In an effort to discourage underage smoking and attempt to keep some teens from ever lighting that first cigarette, Kansas City and Wyandotte County banned the sales of cigarettes and other tobacco products to anyone under the age of 21 on Thursday.
The Kansas Council played a huge part in leading the area in voting to raise the legal age for tobacco purchases from 18 to 21. Not long after, the Board of Commissioners of the Unified Government of Wyandotte County and Kansas City, Kan., followed their lead.
“This is a community-driven initiative,” Kansas City Councilman Scott Taylor said before the council’s vote. He said other regions have taken this step, but not many in the Midwest, so Kansas City could be a leader.
Taylor commented that many adults who smoke support this decision because they wish they had never started smoking.
“Up to 95 percent of people who smoke are addicted before their 21st birthday”, Taylor said. “And, young smokers often get their cigarettes from older smokers who are old enough to purchase them.
“Raising the legal age for these purchases cuts off the sale point and breaks up the network,” Taylor said.
Mayor for the Unified Government, Mark Holland, said they coordinated with Kansas City leaders to make a bigger influence together.
“I think this sends a strong message across the metropolitan area,” said Holland.
The Tobacco 21/KC campaign was first launched in October by the Greater Kansas City Chamber of Commerce, Blue Cross and Blue Shield of Kansas City along with other organizations. The ultimate purpose of the launch was to get every store in the metro area to raise its legal age for buying any tobacco products, which includes e-cigarettes, from age 18 to 21 just like it is for alcohol.
Supporters of the campaign said that Thursday’s votes were a big first step.
“This is a time to really celebrate,” said Kansas City Health Department director Rex Archer. “It looks like our effort to reduce heart disease has stalled. This will be important in getting that going.”
Raising the tobacco purchase age “will help us prevent folks from becoming addicted,” Archer said.
Nationwide, there have been more than 100 cites that have raised their tobacco purchase age to 21, including New York City and the state of Hawaii. Until Thursday’s vote, no city in Kansas had raised the age.
The Kansas City Council voted on three particular areas: prohibiting the sale of tobacco products to those under the age of 21; prohibiting the sale of e-cigarettes and other vapor and alternative nicotine products to those under 21; and adding the use of vapor products to existing prohibitions on smoking in enclosed public areas such as restaurants and bars.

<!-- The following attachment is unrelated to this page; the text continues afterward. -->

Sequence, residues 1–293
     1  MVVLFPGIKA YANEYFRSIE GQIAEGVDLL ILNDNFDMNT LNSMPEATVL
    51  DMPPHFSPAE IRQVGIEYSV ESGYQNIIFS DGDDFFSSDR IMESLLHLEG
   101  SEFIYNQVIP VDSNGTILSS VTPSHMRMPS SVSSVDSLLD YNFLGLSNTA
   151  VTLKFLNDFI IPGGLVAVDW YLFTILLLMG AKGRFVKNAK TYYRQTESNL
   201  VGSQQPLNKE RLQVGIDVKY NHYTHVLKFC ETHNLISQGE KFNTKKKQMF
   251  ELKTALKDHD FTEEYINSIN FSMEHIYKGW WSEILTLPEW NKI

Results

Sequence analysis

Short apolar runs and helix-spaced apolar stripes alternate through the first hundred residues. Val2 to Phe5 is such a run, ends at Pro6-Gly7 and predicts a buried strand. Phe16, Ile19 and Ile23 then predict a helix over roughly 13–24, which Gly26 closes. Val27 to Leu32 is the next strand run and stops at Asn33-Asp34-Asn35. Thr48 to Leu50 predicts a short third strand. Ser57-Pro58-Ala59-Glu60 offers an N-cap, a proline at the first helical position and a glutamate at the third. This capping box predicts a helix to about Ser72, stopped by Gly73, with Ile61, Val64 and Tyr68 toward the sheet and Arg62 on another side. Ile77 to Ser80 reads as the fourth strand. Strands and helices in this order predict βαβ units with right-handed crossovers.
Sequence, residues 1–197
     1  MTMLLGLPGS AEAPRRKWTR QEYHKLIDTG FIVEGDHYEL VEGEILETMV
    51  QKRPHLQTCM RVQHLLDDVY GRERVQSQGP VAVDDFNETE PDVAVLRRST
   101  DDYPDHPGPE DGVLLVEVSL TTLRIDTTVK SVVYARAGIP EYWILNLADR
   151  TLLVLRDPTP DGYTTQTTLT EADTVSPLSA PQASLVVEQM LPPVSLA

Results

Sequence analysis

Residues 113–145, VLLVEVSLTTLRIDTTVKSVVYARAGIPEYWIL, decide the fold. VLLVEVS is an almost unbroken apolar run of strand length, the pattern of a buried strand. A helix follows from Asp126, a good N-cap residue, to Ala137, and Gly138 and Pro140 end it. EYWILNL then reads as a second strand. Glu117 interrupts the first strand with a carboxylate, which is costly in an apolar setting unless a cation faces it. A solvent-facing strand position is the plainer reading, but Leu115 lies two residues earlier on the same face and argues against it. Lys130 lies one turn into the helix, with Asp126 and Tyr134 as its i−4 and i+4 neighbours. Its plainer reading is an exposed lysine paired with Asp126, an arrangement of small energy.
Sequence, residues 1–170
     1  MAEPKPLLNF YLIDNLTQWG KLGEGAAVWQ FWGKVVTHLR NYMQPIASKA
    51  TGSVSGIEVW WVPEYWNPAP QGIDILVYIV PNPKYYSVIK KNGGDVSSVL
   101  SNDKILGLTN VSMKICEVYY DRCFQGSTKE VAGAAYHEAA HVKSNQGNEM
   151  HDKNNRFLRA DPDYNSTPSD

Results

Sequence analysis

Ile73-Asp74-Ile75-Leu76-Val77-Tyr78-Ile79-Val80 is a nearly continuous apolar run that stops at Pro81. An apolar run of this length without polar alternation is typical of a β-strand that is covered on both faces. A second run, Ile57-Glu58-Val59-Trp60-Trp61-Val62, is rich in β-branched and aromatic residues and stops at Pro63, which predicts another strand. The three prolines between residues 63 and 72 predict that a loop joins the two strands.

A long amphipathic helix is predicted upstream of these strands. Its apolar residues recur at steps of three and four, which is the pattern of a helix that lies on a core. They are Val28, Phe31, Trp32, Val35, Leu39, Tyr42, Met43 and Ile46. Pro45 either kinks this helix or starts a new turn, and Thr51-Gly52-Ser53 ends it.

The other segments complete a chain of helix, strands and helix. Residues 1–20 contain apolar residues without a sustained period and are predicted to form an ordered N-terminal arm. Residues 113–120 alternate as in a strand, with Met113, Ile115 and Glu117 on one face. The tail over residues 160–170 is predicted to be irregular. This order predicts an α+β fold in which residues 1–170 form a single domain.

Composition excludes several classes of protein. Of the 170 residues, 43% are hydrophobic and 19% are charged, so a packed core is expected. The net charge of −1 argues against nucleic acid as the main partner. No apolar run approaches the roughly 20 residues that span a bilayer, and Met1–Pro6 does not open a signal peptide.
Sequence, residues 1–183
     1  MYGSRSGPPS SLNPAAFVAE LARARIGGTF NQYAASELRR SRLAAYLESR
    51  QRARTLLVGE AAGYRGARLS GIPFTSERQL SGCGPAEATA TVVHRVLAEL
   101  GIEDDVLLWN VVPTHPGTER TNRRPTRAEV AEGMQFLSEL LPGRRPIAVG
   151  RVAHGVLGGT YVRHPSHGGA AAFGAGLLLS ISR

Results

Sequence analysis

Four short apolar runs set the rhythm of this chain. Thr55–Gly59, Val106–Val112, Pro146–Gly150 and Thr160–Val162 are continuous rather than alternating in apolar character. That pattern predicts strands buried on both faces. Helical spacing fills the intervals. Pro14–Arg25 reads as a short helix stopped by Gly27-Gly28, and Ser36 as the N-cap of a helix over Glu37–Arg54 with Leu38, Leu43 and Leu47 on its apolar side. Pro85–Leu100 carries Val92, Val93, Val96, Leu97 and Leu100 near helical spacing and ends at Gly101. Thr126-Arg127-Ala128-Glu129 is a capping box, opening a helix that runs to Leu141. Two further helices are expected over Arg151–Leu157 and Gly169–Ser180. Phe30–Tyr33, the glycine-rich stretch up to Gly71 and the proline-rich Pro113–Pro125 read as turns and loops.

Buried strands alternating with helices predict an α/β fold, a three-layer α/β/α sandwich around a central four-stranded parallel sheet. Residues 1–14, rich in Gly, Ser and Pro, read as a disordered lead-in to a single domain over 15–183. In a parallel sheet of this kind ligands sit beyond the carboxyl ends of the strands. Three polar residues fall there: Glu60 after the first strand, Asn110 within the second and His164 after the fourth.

Councilman Quinton Lucas said he was against the age change at first because he didn’t want to criminalize young people under the age of 21, but he agreed after he found out that the ordinances apply to the seller, not the purchaser. The penalty is a $100 fine for the first offense.
The age ordinance goes into effect in 10 days and the vapor prohibition in enclosed public areas will be in effect two months from now.
The ordinance passed by a 6-1 vote from the Unified Government commissioners.
Holland commented that his hope was that the ordinance would cut down on smoking and hopefully improve the health of Wyandotte County residents, who he says, often rank very low on health surveys.
“I think it’s important, particularly for a community that has a lack of access to health care,” he said.
Commissioner Mike Kane was the only commissioner who voted against the ordinance.
Kansas City Council members have received some negative feedback from the decision. Some of the local vapor shops are arguing that vapor products are a healthier alternative to traditional tobacco and that raising the legal age is an infringement on small-business rights.
[Image via Shutterstock]
If the Tobacco 21/KC campaign is a success, the Kansas City area would be the second largest metro area in the United States to raise the minimum tobacco age to 21. New York City was the first.
Do you agree or disagree with this campaign?
[Image via Shutterstock]